Quite unsurprisingly in the circumstances, the relatives whose campaigning brought matters to a head do want Sir David Nicholson to resign as NHS chief executive. But David Cameron himself was very careful to echo the Francis Report’s insistence that the response to the scandal shouldn’t involve seeking out scapegoats. When journalists asked the Downing Street spokeswoman about it this afternoon, she repeated the PM’s scapegoats line, adding that since the Mid-Staffs scandal, a number of changes have already been carried out. And as Dan Hodges points out in his Telegraph blog, those on the left who usually expend considerable effort attacking the government on health matters were just a little quiet yesterday when the Francis report was published. There has been a noticeable reluctance to apportion individual blame in these circumstances when other scandals have led not just to a great deal of soul-searching about how the system worked, but about its protagonists, too. No doctors or nurses have been struck off, although Cameron was more robust on this yesterday, arguing that the regulators involved needed to answer questions about why healthcare professionals were not held accountable. Will heads roll at the regulators, too?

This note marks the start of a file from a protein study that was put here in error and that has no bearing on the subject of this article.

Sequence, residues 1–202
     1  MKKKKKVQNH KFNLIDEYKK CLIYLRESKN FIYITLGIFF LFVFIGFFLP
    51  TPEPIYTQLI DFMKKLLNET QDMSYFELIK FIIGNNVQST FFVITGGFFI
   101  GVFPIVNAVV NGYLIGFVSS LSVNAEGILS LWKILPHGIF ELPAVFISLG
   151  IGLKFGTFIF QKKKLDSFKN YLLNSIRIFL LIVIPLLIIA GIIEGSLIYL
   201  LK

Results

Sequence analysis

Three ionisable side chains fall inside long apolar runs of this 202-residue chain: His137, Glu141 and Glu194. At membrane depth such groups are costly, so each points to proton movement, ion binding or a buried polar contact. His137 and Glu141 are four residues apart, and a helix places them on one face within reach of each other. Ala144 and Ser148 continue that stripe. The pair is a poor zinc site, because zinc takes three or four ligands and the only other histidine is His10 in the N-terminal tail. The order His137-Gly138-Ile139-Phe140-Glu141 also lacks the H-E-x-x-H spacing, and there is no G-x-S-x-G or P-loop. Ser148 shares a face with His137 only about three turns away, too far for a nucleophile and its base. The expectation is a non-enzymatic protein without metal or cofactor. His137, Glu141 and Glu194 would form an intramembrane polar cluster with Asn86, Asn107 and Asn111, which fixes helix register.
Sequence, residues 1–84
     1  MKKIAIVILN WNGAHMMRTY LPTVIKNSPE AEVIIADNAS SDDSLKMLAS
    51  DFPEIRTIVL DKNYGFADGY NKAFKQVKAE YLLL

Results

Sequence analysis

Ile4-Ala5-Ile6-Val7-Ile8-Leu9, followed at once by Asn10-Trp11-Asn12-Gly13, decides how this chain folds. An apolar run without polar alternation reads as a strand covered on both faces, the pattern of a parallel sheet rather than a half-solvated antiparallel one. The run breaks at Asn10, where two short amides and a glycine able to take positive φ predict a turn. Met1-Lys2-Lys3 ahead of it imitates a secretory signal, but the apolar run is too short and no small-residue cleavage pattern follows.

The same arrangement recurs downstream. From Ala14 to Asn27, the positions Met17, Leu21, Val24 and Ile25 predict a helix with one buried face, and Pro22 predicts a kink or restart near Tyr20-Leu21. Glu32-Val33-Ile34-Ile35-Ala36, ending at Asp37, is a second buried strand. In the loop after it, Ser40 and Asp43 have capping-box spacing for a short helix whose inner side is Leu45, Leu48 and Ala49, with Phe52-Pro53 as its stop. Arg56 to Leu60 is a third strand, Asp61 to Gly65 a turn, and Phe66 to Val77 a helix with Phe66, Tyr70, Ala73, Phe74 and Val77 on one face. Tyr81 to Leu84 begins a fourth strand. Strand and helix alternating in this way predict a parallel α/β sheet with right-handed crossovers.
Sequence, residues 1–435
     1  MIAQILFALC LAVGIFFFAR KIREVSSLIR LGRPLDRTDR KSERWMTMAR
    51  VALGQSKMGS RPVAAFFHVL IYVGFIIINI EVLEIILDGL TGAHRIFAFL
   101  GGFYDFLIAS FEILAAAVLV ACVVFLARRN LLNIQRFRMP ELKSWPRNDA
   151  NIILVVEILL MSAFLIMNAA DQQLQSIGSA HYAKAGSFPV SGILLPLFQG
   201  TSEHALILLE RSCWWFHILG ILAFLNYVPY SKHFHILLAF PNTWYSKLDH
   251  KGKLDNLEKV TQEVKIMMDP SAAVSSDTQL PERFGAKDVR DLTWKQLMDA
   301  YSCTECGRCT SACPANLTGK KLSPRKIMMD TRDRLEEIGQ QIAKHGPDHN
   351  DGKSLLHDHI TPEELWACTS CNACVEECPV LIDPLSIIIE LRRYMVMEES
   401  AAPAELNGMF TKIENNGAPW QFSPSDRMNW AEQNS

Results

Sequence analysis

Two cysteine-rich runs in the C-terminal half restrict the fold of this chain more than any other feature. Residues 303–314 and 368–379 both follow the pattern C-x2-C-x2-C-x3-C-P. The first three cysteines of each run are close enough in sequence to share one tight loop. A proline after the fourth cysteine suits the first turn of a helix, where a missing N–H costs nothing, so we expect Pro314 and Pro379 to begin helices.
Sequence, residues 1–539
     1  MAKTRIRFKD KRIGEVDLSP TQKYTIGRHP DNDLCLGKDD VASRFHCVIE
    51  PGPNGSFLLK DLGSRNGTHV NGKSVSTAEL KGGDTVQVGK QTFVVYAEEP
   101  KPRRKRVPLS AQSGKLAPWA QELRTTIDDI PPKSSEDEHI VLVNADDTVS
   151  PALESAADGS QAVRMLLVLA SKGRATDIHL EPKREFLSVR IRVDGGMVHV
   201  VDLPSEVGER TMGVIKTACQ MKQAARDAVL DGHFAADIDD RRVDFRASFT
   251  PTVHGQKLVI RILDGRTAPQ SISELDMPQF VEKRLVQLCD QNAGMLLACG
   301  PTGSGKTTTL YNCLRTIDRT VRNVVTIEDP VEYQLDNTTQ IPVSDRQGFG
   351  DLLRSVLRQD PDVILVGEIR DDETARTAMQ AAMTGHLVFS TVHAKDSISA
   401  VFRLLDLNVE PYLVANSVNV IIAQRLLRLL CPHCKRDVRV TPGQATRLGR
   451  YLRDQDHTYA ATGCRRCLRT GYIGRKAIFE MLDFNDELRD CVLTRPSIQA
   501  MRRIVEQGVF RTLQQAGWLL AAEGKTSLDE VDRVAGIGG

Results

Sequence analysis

[Alt-Text]